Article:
Thanks for your reply.


    2. chris

      Wow cool story! i didn’t see the ghost twist coming. I’m a fan of stories w/ a lil paranormal in it. The sink going on was cool too. I agree with Anne, you had me into the characters & it kind of felt like author intrusion in the end, just a thought; maybe end with dialogue on the last two lines? – might be more powerful – i.e. maybe have sharon say the ghost was her daughter, or say her name when she sees the ghost etc. Just a thought – really great story and crisp writing!

  10. annefreemanimages

    Thanks for the comments, Chris. I actually worked with an IRS for a few months years back. It all worked out well. She was pretty cool, actually, and changed my perspective a bit. They’re mostly just trying to do their job.


  11. Nix

    Hey Brian, Can you let me know if I need to Tweak my story I wrote? Mine’s still awaiting approval and a few others that posted after Mine are already up and running. Let me know, Thanks!

  12. firebear369

    He sat across from me, his manicured hands resting casually on the slightly dusty wooden table. His gaze was heavy and more than a little condemning as the little creaks and groans from my otherwise silent house made themselves known. I knew he was trying to force a confession from me. It would not work, of course. Over the years I have been interrogated by far worse methods. This was nothing more than an annoying flea nibbling at my flesh.

    “You do understand that we have a significant issue here,” the auditor said abruptly. I shrugged and pulled one of his obnoxiously neat manila folders towards myself. In the process, I creased one corner of the folder, relishing his displeased reaction at my carelessness. With a minute smile, I opened the folder and pretended to read the pages inside. Financial hodge-podge matters not to me, I have much bigger issue to attend to. The hunger would not stay contained much longer; I would have to act and very soon.

    “I really do have some personal matters to attend to, Mr. Johnson. Could we possibly finish this meeting?” I was trying to be polite, but the scorching ache was crawling its way up my throat. Mr. Johnson was going to be extremely unhappy if I could not attend to my needs.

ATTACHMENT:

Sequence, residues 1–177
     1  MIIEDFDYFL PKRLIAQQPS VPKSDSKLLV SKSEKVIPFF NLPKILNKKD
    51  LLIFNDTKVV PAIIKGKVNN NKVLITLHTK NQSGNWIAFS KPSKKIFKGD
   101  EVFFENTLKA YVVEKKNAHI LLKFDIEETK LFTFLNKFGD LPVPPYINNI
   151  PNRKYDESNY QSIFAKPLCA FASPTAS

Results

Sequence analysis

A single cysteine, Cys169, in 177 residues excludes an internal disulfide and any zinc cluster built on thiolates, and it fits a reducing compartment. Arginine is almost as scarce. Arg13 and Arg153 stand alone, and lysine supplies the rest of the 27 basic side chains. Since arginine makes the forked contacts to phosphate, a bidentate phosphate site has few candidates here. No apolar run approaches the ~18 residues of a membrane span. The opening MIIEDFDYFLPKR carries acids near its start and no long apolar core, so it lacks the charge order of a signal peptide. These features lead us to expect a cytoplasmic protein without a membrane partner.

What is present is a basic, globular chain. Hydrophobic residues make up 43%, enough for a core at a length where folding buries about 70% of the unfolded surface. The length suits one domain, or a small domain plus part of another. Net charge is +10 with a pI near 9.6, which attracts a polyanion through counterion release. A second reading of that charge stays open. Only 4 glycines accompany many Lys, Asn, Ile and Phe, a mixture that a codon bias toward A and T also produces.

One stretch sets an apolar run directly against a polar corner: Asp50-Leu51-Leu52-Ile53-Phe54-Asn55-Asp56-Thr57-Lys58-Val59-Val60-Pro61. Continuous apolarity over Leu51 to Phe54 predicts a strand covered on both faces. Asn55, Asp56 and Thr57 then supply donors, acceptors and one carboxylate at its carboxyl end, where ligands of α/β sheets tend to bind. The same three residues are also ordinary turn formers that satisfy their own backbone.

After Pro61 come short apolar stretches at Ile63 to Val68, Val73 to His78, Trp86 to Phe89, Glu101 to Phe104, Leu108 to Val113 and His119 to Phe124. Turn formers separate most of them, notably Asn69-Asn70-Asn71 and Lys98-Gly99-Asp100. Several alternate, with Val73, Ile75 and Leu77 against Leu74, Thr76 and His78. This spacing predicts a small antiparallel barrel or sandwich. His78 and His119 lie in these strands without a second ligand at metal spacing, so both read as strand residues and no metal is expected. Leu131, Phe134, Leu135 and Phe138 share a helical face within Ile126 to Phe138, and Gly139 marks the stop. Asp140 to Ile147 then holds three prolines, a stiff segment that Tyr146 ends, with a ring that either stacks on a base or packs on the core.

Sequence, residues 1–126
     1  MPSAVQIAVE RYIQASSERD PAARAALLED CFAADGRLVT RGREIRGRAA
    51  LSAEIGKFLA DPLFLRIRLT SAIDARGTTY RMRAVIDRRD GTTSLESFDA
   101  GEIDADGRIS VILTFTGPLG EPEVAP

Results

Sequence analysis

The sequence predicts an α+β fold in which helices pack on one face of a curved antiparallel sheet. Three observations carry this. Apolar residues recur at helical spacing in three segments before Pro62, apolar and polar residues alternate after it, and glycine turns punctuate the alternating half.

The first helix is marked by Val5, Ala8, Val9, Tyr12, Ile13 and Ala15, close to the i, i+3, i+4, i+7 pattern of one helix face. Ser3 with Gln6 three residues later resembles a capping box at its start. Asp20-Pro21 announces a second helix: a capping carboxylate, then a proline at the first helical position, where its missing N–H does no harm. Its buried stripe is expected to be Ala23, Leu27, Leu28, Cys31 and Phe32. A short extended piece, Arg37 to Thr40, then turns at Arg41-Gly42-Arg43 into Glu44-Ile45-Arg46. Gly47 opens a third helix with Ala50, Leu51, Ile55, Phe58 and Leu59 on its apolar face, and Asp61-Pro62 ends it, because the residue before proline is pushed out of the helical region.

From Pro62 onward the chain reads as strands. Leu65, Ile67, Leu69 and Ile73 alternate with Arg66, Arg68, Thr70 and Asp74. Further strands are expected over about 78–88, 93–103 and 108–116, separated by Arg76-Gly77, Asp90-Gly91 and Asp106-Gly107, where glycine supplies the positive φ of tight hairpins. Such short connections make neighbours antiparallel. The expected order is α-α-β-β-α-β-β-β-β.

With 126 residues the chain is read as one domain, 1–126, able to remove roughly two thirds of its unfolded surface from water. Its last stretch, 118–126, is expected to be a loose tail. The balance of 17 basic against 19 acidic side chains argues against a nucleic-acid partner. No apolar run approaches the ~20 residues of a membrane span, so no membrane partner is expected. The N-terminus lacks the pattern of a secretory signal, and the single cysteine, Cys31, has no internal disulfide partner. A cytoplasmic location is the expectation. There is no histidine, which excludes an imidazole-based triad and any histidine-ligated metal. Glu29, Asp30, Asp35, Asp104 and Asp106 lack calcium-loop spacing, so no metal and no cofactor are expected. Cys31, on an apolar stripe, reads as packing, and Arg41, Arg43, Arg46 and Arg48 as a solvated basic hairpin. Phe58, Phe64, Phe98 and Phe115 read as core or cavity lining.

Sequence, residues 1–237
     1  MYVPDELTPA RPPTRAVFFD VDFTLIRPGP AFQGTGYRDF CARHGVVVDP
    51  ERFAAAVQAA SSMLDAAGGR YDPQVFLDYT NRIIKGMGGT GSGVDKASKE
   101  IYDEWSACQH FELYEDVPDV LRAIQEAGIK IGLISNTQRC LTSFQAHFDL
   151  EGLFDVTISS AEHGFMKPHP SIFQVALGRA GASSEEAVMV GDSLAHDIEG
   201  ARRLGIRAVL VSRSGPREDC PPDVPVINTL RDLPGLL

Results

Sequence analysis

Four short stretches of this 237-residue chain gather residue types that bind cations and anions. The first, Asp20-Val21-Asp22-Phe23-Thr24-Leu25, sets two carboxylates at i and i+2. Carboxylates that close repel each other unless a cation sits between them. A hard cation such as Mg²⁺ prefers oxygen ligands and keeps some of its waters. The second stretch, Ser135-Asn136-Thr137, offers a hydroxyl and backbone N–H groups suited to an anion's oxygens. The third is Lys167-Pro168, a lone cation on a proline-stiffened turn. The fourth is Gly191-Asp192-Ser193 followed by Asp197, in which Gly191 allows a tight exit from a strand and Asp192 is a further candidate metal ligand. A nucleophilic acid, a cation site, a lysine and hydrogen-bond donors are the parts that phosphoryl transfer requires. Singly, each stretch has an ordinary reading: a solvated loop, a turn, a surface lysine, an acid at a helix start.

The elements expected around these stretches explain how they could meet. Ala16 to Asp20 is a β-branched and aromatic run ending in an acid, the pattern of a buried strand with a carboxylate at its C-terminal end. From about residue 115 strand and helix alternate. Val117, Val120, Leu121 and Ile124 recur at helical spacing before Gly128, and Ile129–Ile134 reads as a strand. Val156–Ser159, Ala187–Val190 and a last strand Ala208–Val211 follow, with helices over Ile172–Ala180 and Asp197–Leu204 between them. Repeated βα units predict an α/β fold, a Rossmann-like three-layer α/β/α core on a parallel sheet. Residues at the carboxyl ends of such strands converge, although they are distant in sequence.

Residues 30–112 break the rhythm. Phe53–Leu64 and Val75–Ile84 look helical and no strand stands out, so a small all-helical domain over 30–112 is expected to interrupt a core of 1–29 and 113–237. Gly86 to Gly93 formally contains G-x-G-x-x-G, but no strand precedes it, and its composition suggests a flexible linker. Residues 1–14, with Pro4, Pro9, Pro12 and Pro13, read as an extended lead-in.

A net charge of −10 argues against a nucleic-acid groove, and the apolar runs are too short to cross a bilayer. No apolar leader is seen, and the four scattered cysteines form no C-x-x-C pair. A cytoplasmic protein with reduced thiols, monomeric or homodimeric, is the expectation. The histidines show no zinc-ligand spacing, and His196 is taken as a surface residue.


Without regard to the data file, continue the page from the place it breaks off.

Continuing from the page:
He frowned at me and quickly reached across the table to retrieve his damaged folder.

    “Ms. Platt, your personal issues really are no concern of mine,” he stated simply. “This is a courtesy, a chance for you to maybe right some wrongdoings on your part.”

    Rude little pest, I thought. Manners, it would seem, have gone by the wayside over the years. The ache moved higher in my throat, demanding relief. I would have to act soon or risk becoming and uncontrollable beast. Suddenly, I rose, not caring that my speed of my movement would give away my not-quite-human nature. Without a thought, I allowed my beast to escape. In an instant, I was beside him as dust and papers fluttered through the air around us. His mouth opened and shut a few times as his brain tried to process what was happening. Before a word escaped from him, my lips curled back and my teeth breeched the tight flesh of his neck. My body shuddered with climactic joy as his blood coursed down my throat; it was so sweet and hot. As I drained him, I found my hands running across his broad chest and I slowed my feasting. He had an amazing body for a tax collector. Partially satisfied, I stopped drinking his blood long enough to take a good look at his features. Although his eyes were decidedly dull due to my intrusion, they were still piercing.

    “Perhaps I you would make a good companion,” I said aloud. There was no way he could comprehend what I said, no way for him to object. Smiling slightly, I moved him to my bed and awaited his change.

  13. glenda smith

    Boxer slobber greased my thigh as I shoved Tobias over to open the door, “You might as well come on in. This will probably be yours before you’re done,” I stepped aside as the crisp black suit brushed past. He calmly ignored my desperate attempts at flirtation as I wiped a big gob of thick drool off my leg with my hand.

    “You the, hunh-her, LADY of the house?” he coughed while his bright blue eyes rolled up toward the ceiling. He looked like he could singe holes through plaster with those eyes. “er…WHAT will be mine?” his eyes blazed a path down the wall till he glared directly into mine.

    “Anything on your mind, that’s what!” I had long ago lost all modesty when I’d discovered what the mistake on the tax filing had been, “Look. I don’t want to lose my house,” I purposely held my arms up to signify I meant the dwelling around us. I tried to look like Vanna White as I presented the scenery of the castle surrounding us,”This is my home! I’ll do anything to keep it! ANYTHING!”